Im guessing this is the exact reason Square hasn’t ventured outside of America yet, which is a real shame, as I have a need for a simple credit card processing facility, but due to a relatively poor credit history when I was much much younger, I can’t get accepted for a terminal. Apparently my flawless credit history for the last 8 years counts for zilch!

    I hope Square can innovate and come up with a solution to the Chip and Pin system, but until it does, Ill keep on checking out their website in the hope that one day I can get a ‘Square’ of my own.

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    1. The “chip and pin” technology is based on this open standard:
      http://en.wikipedia.org/wiki/EMV#EMV_commands

      For Square to be able to read these cards, they’d simply need to replace their magnetic card reading head with a smartcard reader. True, this would make the device larger, but it would not make the task impossible.

      Square would then need to modify its software to be able to accept a PIN number entry by the customer at the time of purchase, similar to a customer paying via “debit” payment method.

      BTW, the first link in the article is broken.

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  2. Javier Gracia Thursday, March 10, 2011

    Sadly the author is too enamored to question the security missing in Square. Question should be why is Square the only company without encryption in their reader? Intuit, Roam, Magtek and Verifone all have it for a reason. They understand the risks. Form should follow function and the fact that Dorsey and Rabois are obsessed with their email template designs simply shows they still don’t get payments.

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    1. Actually, when I got my coffee this morning my credit card wouldn’t scan and a human manually typed my credit card number instead of scanning. Obviously between her eyes and fingers there wasn’t an encryption scheme. Or was there. Something you know the rest of us don’t? If true, and there was an encryption scheme at work by my barrista, then indeed Square is the *only* company without encryption in their reader. Otherwise…well, you get the picture (pun intended)

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    2. I’m sure the encryption is done in the application before the data is sent out to the gateway via TCP/IP for processing. The actual “Square” device converts the magnetic data to an audio signal, just like a credit card reader does internally when converting the magnetic data to an analog signal, which is then digitized.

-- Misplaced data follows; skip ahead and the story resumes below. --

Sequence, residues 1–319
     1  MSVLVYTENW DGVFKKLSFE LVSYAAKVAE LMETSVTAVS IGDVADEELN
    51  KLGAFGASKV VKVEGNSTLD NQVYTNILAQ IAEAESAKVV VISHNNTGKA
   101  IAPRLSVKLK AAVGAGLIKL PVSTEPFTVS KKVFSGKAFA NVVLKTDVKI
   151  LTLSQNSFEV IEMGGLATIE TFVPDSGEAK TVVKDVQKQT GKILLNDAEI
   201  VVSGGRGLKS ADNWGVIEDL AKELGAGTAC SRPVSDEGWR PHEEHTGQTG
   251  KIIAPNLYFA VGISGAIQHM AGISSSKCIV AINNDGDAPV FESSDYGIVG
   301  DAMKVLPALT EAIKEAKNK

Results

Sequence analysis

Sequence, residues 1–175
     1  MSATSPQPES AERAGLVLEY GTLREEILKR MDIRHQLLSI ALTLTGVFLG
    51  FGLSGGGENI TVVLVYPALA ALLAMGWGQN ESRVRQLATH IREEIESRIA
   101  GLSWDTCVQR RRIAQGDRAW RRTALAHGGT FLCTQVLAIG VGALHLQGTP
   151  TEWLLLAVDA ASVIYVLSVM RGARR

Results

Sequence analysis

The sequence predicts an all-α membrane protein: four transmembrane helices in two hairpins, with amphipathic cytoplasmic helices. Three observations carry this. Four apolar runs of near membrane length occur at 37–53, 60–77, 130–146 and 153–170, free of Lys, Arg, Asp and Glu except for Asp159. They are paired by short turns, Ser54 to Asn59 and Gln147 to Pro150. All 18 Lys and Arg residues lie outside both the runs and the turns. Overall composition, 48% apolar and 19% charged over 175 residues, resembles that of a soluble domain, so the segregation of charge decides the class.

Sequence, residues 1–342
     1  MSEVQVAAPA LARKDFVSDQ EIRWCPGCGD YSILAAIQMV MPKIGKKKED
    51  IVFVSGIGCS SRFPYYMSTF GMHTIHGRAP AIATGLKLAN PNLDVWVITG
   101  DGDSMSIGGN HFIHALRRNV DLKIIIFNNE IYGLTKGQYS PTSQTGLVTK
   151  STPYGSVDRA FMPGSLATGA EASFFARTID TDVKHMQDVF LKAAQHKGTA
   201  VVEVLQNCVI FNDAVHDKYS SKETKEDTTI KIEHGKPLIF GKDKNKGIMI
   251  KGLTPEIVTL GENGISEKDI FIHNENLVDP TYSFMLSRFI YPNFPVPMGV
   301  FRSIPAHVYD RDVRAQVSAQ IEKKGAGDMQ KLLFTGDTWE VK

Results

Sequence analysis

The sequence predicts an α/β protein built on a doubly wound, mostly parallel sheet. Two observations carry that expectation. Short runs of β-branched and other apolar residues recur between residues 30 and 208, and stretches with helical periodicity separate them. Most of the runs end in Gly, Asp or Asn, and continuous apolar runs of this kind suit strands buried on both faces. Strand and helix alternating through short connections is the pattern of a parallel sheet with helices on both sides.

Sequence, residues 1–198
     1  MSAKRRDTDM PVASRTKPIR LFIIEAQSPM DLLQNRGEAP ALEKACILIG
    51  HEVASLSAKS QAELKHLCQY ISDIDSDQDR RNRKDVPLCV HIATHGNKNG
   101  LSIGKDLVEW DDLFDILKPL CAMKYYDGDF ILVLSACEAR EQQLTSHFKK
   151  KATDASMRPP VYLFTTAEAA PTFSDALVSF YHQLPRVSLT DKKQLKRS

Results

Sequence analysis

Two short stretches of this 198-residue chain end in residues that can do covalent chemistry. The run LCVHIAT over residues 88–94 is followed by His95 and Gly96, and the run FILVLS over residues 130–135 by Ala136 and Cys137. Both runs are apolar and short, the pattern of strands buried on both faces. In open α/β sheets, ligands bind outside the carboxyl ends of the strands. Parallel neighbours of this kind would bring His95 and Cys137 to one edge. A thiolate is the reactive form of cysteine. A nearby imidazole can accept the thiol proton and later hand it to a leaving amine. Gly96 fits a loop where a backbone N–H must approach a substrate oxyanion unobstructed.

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  3. The square looks pretty solid to me. The only problem I would have with the square is explaining to people that it is not a skimmer! About a third of my customer base varies between the ages of 45-70, and are extremely skeptical about credit card processing and how it is conducted.

    I would have to speculate that my younger customer base has a better understanding of the current progression in technology, and therefore would be more accepting. Not to mention know what an IPhone is…

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    1. I’d be kinda surprised people in the 45-70 year old range hadn’t heard what an iPhone is. Everyone should be concerned about the security of credit card transactions. If you don’t trust the person you are doing business with, then you probably shouldn’t give them your credit card. Similarly, if you trust the person, one can assume that trust extends to their use of your credit card.

      Since this story broke, I’ve looked at every credit card transaction I’ve done. Some were a nondescript black swipe box attached to the computer, one was indeed a verifone terminal, 3 transactions I couldn’t see because the credit card machine was out of customer view. I would have no way of knowing if they were a skimmer or not, especially the ones in which I didn’t actually see the terminal.

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  4. >Square is going to for to the credit card industry

    Square is a gateway, not a processor. Therefore, the only “industry” they are truly affecting is the mobile device payments industry. I.E. VeriFone. Square still uses Chase ( a processor ) to process their transactions. And the rate is much higher than a standard swipe rate for non mobile devices.